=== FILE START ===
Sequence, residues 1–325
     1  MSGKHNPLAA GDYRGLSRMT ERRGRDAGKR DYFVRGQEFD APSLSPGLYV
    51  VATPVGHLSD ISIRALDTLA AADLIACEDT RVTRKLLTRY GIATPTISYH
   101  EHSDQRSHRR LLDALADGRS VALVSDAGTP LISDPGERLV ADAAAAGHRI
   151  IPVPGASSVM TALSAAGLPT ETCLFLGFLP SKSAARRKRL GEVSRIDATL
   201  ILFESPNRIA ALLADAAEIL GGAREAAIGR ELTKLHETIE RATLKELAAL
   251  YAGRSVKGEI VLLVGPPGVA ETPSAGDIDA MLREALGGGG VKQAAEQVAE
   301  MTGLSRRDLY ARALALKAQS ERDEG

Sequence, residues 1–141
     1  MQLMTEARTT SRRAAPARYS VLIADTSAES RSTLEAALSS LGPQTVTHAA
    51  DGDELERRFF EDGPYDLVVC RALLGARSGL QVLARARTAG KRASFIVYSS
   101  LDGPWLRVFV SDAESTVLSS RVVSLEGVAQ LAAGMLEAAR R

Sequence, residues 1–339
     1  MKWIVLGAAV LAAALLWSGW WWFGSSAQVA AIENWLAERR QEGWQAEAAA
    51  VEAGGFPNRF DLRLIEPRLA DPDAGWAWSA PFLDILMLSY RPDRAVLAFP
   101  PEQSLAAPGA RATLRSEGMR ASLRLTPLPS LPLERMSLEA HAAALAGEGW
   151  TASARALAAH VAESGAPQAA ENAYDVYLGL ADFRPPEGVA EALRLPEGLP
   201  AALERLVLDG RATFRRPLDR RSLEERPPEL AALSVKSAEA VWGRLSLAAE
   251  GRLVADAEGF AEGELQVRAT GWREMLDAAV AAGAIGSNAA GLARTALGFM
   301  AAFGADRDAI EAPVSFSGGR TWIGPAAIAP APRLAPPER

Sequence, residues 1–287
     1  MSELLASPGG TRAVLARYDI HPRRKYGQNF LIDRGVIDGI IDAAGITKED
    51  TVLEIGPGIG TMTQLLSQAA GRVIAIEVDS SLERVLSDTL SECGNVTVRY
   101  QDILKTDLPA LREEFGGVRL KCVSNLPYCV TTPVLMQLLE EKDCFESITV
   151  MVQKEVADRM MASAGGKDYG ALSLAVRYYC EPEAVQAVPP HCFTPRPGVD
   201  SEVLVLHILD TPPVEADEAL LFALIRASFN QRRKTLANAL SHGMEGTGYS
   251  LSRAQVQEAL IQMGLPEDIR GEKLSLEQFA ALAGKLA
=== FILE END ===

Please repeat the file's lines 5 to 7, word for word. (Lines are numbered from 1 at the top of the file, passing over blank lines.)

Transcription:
   151  IPVPGASSVM TALSAAGLPT ETCLFLGFLP SKSAARRKRL GEVSRIDATL
   201  ILFESPNRIA ALLADAAEIL GGAREAAIGR ELTKLHETIE RATLKELAAL
   251  YAGRSVKGEI VLLVGPPGVA ETPSAGDIDA MLREALGGGG VKQAAEQVAE